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Title: The influence of pregnancy complications on fetal and neonatal cardiovascular development
Author: Aye, Christina
ISNI:       0000 0004 6495 9720
Awarding Body: University of Oxford
Current Institution: University of Oxford
Date of Award: 2016
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It is becoming increasingly clear that exposure to pregnancy complications such as hypertensive disorders of pregnancy and premature birth (birth before 37 weeks gestation) have a long term and specific effect on future cardiovascular disease development and risk in the offspring. Those born to a preeclamptic pregnancy have been shown to have double the risk of stroke in adulthood and studies have consistently shown an increase in blood pressure in these individuals. Higher blood pressure has also been observed in those born preterm in addition to specific cardiac modifications in young adulthood. Through detailed cardiovascular phenotyping, this thesis investigates the effects of exposure to in utero maternal hypertension and/or a preterm birth on offspring cardiovascular development in the antenatal and early postnatal period in a newly established cohort of infants. A stratified recruitment strategy was employed in order to recruit similar numbers of mother and infant dyads from hypertensive and normotensive pregnancies across a range of gestations. Nomograms for fetal ventricular volume and mass using two dimensional echocardiography were created. These were then used, along with postnatal normative data, to create trajectories of offspring cardiovascular development from 15 weeks postmenstrual age through to three months post birth in order to overlay datasets from babies born preterm. It was demonstrated that premature infants have similar in utero cardiac development to controls but post birth they undergo disproportionate cardiac hypertrophy which is associated with a degree of diastolic impairment. Preterm infants at birth had a unique ventricular shape, but these changes had attenuated by three months of age. Exposure to in utero maternal hypertension also appeared to have a deleterious effect and on further investigation, postnatal ventricular hypertrophy was also observed when analysis was restricted to term born infants exposed to this pregnancy complication. Additionally, offspring born to a hypertensive pregnancy demonstrated an increased microvascular density loss over the first three months of life. This was associated with a reduction in vasculogenic potential in their human umbilical vein endothelial cells and also increased levels of maternal anti-angiogenic biomarkers at birth. Again, there was a trend to suggest maternal hypertension and prematurity may have an additive effect. These microvascular changes were not, however, correlated with cardiac hypertrophy in the whole cohort over the same period, but, intriguingly, when subgroup analysis was performed, increased microvascular density loss was correlated with increased left ventricular mass indexed to body size at three months of age in term born infants but not in the preterm group. It was then shown that preterm offspring had reduced heart rate variability measures at birth suggesting autonomic dysfunction. This was, however, not correlated with any previously demonstrated cardiovascular developmental changes in the early postnatal period. Offspring exposed to maternal hypertension and those born small for gestational age did not demonstrate any difference in heart rate variability at birth compared to controls. The results from my thesis point towards the perinatal and early postnatal period as being a critical window for cardiovascular development. As up to 8% of pregnancies are affected by hypertensive disorders of pregnancy and approximately 10% of all births are preterm, understanding the mechanisms behind these findings and their relevance to long term cardiovascular disease in this population is of great public health interest. Modification of clinical care and discovery of novel targets for disease prevention during this potentially tractable period will be of future interest.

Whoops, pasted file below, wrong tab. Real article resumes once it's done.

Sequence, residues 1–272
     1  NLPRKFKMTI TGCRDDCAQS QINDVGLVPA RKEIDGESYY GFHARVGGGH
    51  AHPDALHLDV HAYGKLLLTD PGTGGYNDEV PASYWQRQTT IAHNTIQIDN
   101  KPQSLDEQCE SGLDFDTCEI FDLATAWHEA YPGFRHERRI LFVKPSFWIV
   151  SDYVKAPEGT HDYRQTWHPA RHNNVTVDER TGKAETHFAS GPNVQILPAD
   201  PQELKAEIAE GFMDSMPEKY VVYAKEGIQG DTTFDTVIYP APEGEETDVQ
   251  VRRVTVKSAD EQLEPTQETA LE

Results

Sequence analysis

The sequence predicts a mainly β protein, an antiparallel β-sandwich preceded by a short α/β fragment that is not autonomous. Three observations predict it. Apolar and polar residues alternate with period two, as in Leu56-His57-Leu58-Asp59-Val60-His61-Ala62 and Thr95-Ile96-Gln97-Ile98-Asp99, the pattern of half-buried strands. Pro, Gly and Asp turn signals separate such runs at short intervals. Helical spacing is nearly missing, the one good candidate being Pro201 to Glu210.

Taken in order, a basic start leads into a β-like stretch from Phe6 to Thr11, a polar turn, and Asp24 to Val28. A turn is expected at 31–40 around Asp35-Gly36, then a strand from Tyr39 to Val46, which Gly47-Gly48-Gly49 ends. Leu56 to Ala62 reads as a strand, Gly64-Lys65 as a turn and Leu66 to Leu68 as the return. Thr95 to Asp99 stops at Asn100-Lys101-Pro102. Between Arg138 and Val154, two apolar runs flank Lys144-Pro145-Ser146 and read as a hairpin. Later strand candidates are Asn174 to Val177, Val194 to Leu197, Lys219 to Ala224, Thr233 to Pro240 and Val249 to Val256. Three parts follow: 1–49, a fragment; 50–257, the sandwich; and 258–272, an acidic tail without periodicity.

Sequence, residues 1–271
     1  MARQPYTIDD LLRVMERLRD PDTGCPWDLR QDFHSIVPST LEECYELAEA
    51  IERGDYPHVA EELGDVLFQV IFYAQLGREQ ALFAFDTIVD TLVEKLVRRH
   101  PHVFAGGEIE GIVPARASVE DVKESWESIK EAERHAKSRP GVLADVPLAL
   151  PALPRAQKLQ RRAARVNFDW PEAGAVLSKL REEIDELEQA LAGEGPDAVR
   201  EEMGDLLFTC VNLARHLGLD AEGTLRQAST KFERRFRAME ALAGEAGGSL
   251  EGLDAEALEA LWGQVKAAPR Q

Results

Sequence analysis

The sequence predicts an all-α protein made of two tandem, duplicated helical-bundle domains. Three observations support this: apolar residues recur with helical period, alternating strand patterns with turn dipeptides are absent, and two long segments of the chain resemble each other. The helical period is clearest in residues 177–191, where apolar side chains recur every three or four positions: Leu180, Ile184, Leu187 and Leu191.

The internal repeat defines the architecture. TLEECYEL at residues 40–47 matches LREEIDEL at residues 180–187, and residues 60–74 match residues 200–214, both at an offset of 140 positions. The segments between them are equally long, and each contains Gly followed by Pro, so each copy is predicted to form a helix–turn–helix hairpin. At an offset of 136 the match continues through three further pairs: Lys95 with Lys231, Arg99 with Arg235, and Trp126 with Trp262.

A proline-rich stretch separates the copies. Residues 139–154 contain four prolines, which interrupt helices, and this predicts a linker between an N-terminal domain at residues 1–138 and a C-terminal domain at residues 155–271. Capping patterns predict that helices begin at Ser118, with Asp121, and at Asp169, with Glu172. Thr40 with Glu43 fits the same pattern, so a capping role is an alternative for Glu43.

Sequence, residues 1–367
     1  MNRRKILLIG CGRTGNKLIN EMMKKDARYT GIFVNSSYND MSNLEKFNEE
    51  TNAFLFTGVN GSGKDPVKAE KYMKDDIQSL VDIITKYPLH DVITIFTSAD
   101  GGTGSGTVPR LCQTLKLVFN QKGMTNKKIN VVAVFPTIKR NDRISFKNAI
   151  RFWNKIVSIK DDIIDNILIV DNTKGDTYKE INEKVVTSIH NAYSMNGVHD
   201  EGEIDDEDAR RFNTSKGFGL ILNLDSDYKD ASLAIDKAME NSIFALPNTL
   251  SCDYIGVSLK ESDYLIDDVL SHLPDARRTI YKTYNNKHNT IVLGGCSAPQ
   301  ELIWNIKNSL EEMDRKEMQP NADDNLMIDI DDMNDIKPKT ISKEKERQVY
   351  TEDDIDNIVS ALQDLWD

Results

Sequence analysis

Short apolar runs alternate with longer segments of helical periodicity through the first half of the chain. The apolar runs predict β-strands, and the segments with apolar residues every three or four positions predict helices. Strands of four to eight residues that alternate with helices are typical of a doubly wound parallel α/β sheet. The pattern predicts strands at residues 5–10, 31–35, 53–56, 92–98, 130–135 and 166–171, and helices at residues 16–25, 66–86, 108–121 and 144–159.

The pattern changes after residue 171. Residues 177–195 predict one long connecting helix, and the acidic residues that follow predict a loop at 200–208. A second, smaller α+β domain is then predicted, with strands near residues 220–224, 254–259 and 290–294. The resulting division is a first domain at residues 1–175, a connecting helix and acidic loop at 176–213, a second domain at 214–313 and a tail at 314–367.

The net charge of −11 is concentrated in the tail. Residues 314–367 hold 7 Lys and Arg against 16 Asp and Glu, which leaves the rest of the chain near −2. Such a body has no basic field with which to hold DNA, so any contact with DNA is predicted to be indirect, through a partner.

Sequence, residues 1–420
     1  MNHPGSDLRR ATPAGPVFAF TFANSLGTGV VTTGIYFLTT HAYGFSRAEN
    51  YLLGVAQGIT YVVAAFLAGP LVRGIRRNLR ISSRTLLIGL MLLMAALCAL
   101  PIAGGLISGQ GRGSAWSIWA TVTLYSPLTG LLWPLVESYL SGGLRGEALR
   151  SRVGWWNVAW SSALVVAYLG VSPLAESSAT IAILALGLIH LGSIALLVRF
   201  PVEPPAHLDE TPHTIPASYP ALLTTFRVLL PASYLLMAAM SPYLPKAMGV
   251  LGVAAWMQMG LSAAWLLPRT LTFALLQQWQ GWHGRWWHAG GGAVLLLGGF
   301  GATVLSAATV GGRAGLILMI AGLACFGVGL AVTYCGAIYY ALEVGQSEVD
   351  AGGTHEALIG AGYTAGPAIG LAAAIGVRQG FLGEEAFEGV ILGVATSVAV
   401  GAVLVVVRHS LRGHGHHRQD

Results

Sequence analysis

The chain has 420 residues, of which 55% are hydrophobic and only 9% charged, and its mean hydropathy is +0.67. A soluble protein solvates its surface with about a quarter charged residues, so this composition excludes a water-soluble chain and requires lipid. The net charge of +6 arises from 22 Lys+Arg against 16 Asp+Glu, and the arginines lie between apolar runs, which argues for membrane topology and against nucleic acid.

Supervisor: Granne, Ingrid ; Leeson, Paul Sponsor: Not available
Qualification Name: Thesis (Ph.D.) Qualification Level: Doctoral
EThOS ID:  DOI: Not available